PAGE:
I suspect that many who identify as Republican are much as you describe.  I would include myself among them.  There is much about Trump's personality and actions that turn me off.  There are times when I can't understand why he is saying what he is saying to doing what he is doing.  But at the end of the day it is the "Democratic agenda" that concerns me more - the overall direction of this party that includes Biden and Harris, but is also a lot larger than them.  I am concerned that if the presidency flips to the Democratic fold, that, along with a Democratic House (and Senate?) could be a return to a no restraints Obama-era legislative push. In that scenario I see more than a fair amount of overreach in regulation.  There is a reactionary quality to this push for regulation, and I want restraints on this.  A Republican presidency still seems to be one way to hold that line. 
Pastor Don Engebretson
St. Peter Lutheran Church of Polar (Antigo) WI

Dan Fienen

  • ALPB Contribution Leader
  • *****
  • Posts: 12061
    • View Profile
Re: Not voting
« Reply #25 on: September 01, 2020, 10:01:32 AM »
Who gets to decide who and what is "really" Republican and who and what is RINO and who or what is the lunatic fringe and should be ignored? Similarly for Democrats. I am unconvinced by arguments that Trump isn't really Republican. He is not where the party as been in the past and there are many who self identify as Republican who aren't exactly where he is. But this cycle he is the Republican leader and candidate.


Biden who is now talking like a centrist leaning Leftist is still to the Left of where Democrats used to  be. AOC and the Squad, not to mention Bernie Sanders and the whole Socialist wing of the Democrats are still loud voices among the Democrats. Can there really be any assurance that they aren't really Democrats?
Pr. Daniel Fienen
LCMS

peter_speckhard

  • ALPB Administrator
  • ALPB Contribution Leader
  • *****
  • Posts: 16657
    • View Profile
Re: Not voting
« Reply #26 on: September 01, 2020, 10:39:41 AM »
Who gets to decide who and what is "really" Republican and who and what is RINO and who or what is the lunatic fringe and should be ignored? Similarly for Democrats. I am unconvinced by arguments that Trump isn't really Republican. He is not where the party as been in the past and there are many who self identify as Republican who aren't exactly where he is. But this cycle he is the Republican leader and candidate.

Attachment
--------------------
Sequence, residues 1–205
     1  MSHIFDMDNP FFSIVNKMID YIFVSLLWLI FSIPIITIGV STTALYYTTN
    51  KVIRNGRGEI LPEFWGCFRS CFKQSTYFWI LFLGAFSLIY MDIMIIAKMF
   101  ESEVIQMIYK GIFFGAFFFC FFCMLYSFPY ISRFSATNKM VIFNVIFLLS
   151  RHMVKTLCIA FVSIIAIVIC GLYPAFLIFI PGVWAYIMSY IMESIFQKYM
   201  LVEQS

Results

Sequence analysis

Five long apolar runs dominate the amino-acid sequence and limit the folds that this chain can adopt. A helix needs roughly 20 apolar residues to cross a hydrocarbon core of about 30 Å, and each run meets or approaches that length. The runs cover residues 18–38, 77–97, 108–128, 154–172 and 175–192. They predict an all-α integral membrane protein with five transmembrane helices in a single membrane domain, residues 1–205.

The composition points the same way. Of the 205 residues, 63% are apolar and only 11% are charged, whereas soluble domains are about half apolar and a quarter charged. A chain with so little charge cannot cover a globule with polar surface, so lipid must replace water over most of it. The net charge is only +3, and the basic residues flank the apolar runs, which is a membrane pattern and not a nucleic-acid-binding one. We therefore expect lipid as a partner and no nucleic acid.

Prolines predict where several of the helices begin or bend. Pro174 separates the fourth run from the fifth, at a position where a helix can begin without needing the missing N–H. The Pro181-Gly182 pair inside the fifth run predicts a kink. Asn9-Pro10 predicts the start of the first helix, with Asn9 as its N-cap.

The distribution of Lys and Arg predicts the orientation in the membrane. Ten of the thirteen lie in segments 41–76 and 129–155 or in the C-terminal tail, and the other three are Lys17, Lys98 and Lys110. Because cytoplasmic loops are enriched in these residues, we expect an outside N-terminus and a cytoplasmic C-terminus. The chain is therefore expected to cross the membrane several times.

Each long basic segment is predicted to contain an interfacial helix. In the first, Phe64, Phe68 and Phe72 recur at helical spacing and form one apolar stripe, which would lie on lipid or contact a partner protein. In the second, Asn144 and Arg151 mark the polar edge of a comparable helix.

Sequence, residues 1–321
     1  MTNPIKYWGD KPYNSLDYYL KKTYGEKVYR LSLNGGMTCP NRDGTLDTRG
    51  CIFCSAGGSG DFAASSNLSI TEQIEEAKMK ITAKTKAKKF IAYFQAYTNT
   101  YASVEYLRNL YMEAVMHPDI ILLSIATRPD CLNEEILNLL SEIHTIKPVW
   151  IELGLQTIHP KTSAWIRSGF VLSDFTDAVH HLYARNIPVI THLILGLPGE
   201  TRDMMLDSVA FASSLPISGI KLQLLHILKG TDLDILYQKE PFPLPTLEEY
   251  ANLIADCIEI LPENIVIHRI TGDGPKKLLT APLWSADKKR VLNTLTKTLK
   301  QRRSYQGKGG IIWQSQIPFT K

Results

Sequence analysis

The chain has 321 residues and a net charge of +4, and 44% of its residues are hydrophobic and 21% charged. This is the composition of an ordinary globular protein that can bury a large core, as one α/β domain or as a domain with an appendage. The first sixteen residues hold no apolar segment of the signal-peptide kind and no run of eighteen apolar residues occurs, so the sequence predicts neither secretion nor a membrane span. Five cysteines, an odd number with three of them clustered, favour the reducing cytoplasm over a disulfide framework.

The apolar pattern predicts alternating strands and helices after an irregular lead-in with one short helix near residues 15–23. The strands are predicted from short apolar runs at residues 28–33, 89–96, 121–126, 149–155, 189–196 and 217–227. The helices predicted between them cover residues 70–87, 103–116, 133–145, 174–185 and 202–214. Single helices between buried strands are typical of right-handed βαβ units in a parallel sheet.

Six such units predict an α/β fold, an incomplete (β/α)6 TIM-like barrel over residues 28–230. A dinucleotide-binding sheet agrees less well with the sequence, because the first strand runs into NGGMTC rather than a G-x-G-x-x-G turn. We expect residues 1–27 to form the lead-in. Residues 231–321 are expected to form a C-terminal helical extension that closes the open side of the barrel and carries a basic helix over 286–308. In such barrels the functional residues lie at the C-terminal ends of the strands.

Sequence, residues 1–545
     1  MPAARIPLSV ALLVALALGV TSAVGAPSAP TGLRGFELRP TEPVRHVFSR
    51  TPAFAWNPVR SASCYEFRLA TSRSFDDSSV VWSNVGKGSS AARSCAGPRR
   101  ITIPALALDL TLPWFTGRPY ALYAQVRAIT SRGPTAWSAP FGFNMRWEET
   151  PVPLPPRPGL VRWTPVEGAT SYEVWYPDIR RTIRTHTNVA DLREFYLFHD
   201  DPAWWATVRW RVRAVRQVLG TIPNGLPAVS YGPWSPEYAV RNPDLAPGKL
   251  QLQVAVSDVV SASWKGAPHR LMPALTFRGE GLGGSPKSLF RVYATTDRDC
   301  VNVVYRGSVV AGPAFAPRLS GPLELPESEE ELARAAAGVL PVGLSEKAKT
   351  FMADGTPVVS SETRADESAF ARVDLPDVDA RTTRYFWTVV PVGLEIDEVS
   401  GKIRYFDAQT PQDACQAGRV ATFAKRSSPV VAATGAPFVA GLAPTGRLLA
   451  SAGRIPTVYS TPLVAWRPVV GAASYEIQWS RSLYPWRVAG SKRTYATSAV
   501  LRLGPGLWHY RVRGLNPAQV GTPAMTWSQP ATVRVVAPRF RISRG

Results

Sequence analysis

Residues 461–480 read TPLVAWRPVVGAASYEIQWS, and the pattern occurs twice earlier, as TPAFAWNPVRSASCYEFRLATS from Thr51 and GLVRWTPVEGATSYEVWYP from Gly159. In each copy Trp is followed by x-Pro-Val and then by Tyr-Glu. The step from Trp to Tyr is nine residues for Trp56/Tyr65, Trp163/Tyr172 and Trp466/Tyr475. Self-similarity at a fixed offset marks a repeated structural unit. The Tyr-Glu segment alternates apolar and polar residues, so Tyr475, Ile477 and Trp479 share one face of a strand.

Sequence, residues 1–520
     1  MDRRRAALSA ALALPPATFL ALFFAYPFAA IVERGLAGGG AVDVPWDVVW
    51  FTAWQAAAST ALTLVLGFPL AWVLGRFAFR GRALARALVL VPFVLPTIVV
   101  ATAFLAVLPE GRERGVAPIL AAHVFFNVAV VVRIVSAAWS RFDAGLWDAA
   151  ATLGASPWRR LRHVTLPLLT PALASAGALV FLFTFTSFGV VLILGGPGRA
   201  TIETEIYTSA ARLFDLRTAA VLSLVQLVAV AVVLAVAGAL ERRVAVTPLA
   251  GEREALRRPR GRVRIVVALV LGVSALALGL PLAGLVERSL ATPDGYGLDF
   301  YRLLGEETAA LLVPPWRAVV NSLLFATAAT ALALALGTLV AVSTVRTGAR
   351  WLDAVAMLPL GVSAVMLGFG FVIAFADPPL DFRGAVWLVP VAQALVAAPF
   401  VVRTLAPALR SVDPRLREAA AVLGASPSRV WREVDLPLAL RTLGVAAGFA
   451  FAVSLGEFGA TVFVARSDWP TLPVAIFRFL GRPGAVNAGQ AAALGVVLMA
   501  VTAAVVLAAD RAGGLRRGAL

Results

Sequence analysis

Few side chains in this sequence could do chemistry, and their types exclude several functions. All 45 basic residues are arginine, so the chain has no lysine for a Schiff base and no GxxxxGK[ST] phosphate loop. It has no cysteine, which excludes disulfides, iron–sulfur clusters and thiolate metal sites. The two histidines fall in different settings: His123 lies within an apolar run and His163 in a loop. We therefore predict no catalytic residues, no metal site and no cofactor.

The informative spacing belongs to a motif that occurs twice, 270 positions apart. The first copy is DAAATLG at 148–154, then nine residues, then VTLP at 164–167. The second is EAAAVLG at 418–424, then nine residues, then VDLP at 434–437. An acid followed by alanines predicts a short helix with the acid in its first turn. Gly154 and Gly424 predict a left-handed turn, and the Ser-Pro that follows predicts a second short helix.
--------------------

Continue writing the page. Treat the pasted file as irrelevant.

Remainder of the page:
Biden who is now talking like a centrist leaning Leftist is still to the Left of where Democrats used to  be. AOC and the Squad, not to mention Bernie Sanders and the whole Socialist wing of the Democrats are still loud voices among the Democrats. Can there really be any assurance that they aren't really Democrats?
There is a lot of shifting around. As I see it, the two parties build on three sets of underlying sets of principles-- Libertarianism, Socialism, and Cultural Conservatism (usually religious). Those three basic worldviews have to get distilled into two parties, so there has to be a lot of overlap. Everyone subscribes to a certain degree of all three; it is more a matter of ranking them in terms of emphasis. Reagan was able to claim almost exclusive control of the libertarian and culturally conservative legs, isolating the "liberals" who are/were socialist in spirit without liking the word until recently. But he was an exception. 20th Century Joe Biden, for example, represented a strong strain of cultural conservatism.

Critical theory has come to identify cultural conservatism almost exclusively with racism and white supremacy. That's why Trump's appeal to cultural conservatives is so repugnant to progressives. To them it is just flagrant racism. But it isn't in reality. It is affirmation of the traditional culture of the electorate; only those who view it all through a certain lens see that culture as essentially, inherently racist and unworthy of conserving. That's why two people can watch the same speech and one person see nothing but base, rank bigotry (usually in the form of "dog-whistles" and code) and another person see inspiring, uplifting talk. It isn't because the latter is likely racist; it is because the former sees the latter as necessarily racist.